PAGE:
Reopening the American Frontier: Exploring How the Outer Space Treaty Will Impact American Commerce and Settlement in Space – Bob Richards Hearing Testimony

Statement of Robert (Bob) Richards Founder and CEO, Moon Express, Inc.

before the

United States Senate Committee on Commerce, Science, and Transportation

Subcommittee on Science, Space, and Competitiveness on:

Reopening the American Frontier: Exploring How the Outer Space Treaty Will Impact American Commerce and Settlement in Space

Tuesday, May 23rd, 2017

Mr. Chairman, Senator Nelson, members of the Committee,

It is an honor to be invited to speak with you today about reopening the American frontier and unleashing the innovative power of the U.S. commercial space industry as a driver of the nation’s space economy and settlement. Although our lives are dominated with the everyday challenges of life on Earth and with each other, these matters are ultimately trivialized by the challenge of securing humanity’s future through our expansion into space, utilizing the practically infinite energy and resources of space, and ultimately becoming a multi-world species.

Our need to expand humanity into space is not in question, to consider otherwise would put an expiry date on the human species. What is in question is the way we will expand into space, and which nations will set the standards of freedom of human endeavor and reward as we enter these new frontiers. As a country built on the foundations of Earth’s frontiers, the United States stands unique in all the world with the opportunity to focus the power of its entrepreneurial history and enterprising vision to open up the space frontier, and in so doing, create a peaceful, prosperous and boundless future for all humanity.


My personal journey has been vested in creating international institutions and enterprises necessary to create a peaceful and prosperous spacefaring civilization. As a student in the 1980’s, I co-founded Students for the Exploration and Development of Space, today still the largest student-run global space organization; the Space Generation Foundation, whose follow-on Advisory Council works with the United Nations to inspire and enable global youth to pursue their dreams in space; and the International Space University, which since its founding in 1987 has instructed thousands of graduate level students from both our main campus in Strasbourg, France, and our Space Studies Programs hosted around the world. Many graduates of this program today are in positions of leadership in the global space arena. More recently in 2008, I co-founded Singularity University, which has become a hub of global entrepreneurial innovation from our campus in Silicon Valley, tackling some of the worlds grand challenges with exponential technologies.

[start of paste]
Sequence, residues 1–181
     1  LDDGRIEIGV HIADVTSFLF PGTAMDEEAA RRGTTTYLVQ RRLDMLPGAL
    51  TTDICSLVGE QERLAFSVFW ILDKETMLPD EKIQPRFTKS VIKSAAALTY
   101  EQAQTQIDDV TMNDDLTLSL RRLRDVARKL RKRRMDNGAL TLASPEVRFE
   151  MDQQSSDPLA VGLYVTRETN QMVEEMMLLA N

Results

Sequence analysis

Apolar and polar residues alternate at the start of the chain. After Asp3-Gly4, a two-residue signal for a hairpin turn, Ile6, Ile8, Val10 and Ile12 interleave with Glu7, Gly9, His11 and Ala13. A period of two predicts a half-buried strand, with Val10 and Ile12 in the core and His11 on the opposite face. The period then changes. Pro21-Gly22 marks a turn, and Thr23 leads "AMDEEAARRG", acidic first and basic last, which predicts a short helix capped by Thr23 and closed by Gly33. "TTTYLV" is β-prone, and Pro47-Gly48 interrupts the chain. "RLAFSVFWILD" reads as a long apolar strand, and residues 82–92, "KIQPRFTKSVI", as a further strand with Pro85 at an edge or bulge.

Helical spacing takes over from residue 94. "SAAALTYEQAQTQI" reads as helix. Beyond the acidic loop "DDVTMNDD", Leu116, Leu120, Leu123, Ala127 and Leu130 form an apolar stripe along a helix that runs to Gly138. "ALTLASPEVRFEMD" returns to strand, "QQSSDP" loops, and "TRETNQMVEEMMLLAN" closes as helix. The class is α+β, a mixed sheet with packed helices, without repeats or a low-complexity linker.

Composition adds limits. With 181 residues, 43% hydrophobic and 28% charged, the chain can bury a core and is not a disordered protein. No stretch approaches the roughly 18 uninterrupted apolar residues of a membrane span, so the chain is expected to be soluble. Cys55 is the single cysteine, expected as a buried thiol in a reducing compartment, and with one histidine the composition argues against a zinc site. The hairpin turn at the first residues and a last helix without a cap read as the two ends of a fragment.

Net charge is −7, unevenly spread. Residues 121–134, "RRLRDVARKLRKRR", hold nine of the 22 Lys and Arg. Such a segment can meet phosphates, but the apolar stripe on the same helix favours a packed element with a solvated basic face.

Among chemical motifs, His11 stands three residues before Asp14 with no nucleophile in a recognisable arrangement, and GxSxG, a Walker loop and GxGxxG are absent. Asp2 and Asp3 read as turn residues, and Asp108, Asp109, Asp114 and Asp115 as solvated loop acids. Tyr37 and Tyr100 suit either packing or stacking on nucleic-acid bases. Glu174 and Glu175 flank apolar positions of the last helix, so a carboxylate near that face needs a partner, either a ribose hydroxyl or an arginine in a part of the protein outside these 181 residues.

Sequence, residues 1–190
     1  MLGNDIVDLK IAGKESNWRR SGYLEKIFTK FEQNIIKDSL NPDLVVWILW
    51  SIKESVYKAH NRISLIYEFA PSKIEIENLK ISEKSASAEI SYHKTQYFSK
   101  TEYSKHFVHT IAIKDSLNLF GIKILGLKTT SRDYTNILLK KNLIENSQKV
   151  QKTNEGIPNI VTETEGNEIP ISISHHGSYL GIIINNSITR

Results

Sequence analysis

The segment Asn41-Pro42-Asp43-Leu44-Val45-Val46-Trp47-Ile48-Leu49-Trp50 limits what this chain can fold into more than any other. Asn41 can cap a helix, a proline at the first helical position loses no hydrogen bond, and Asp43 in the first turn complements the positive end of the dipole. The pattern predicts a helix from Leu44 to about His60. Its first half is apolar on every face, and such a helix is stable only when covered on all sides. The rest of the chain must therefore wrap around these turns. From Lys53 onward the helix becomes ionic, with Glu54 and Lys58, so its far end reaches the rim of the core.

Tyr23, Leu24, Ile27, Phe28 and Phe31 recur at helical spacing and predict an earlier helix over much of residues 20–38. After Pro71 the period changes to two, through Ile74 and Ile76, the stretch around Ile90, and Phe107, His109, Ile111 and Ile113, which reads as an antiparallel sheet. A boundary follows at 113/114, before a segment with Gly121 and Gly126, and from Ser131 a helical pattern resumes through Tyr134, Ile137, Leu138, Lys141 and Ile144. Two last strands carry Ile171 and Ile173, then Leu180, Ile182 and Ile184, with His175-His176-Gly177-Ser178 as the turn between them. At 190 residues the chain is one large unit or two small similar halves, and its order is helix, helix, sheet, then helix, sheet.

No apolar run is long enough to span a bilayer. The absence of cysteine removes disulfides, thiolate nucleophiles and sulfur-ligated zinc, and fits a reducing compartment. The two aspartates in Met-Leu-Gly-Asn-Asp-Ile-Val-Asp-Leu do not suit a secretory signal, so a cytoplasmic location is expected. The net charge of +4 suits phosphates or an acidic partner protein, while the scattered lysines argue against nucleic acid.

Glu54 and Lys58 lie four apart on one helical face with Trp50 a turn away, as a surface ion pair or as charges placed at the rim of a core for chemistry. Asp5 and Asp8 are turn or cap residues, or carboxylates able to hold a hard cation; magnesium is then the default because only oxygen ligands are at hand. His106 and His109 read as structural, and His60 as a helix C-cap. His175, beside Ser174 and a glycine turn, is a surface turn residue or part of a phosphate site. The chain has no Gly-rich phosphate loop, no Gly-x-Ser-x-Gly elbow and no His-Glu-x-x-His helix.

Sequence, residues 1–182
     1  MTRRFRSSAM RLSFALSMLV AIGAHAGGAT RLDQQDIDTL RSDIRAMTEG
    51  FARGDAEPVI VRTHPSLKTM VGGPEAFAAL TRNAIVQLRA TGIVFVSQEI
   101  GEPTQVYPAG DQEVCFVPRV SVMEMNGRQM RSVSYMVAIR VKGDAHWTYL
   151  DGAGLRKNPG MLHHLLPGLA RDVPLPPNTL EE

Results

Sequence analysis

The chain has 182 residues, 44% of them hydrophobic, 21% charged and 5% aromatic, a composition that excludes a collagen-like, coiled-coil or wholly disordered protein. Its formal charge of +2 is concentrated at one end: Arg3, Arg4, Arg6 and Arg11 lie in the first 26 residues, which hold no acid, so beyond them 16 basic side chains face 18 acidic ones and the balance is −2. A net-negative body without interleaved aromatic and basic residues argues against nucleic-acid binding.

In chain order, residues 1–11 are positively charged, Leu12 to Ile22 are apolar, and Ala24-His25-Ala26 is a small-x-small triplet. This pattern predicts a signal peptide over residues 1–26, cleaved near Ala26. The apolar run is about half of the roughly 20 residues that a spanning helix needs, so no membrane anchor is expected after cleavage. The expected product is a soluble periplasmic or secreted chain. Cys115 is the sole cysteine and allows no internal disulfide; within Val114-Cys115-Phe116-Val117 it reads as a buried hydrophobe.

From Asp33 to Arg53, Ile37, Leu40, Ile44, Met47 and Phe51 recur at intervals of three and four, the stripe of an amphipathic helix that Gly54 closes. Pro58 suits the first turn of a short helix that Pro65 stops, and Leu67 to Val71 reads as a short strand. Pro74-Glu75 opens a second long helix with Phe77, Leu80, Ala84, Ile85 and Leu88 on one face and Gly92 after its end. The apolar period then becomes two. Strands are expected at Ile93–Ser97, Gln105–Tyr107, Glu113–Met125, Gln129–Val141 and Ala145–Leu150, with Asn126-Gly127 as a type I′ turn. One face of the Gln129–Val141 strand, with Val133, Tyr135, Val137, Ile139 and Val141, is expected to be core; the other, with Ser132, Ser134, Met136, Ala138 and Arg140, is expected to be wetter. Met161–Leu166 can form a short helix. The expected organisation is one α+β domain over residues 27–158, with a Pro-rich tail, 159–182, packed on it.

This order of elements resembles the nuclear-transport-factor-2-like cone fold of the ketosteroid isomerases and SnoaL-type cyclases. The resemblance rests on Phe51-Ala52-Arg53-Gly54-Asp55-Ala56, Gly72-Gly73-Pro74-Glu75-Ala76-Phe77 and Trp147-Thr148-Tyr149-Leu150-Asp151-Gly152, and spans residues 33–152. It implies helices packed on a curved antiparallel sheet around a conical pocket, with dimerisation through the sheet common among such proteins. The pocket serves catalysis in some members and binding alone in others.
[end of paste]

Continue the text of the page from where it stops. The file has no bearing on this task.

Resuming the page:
I have also had the honor of working with NASA on the successful delivery of a robotic spacecraft to the north pole of Mars, a scientific mission that added much to our understanding of the Red Planet, and with the U.S. Air Force on the demonstration of technologies in Earth orbit that enable new capabilities in autonomous rendezvous and proximity maneuvers.

Today, I address you as Founder and CEO of Moon Express, a privately funded commercial space company created to seek and unlock the resources of the Moon through a progressive series of commercial robotic missions, starting with our maiden voyage scheduled to launch late this year.


I look on the Moon as Earth’s eighth continent; a new world with a total land mass approximating North and South America combined. Thanks largely to the terabytes of data generated by the NASA’s Lunar Reconnaissance Orbiter, we know the Moon has vast resources, accumulated through billions of years of asteroid bombardment that enriched the Moon much the same way as Earth, except for one key difference: accessibility. Unlike Earth, these lunar resources are largely on or near the lunar surface, relatively accessible except for the challenging economics of retrieving them when all the energy to do so needs to come from the Earth’s surface. But this too has now changed…

Perhaps one of the greatest practical discoveries of our generation is the presence of vast quantities of water on the Moon, verified by NASA in 2009. The discovery of water on the Moon is a game changer, not just for the economic viability of lunar resources, but for the economics of reaching Mars and other deep space destinations.

Water is the oil of the solar system, and the Moon will become a way-station in the sky. With private sector interest emerging in economic activity outside of traditional Earth orbit, the question of how the U.S. will enable and protect its national interests and non-governmental players is now timely and serious.


To date, all spacecraft that have ventured beyond Earth orbit on pre-authorized missions have been government spacecraft, and therefore were de-facto compliant with the Outer Space Treaty’s (OST) Article VI requiring government authorization and supervision. The U.S. has always believed that the private sector would be a growing part of our national space enterprise, and U.S. negotiators of the OST

insisted on recognition for non-governmental actors in space. In its ‘Mission Approval’ framework, Moon Express recognized the requirement to comply with the treaty’s framework as a U.S. company, and is honoring that commitment while pursuing a vital commercial role in our human space future.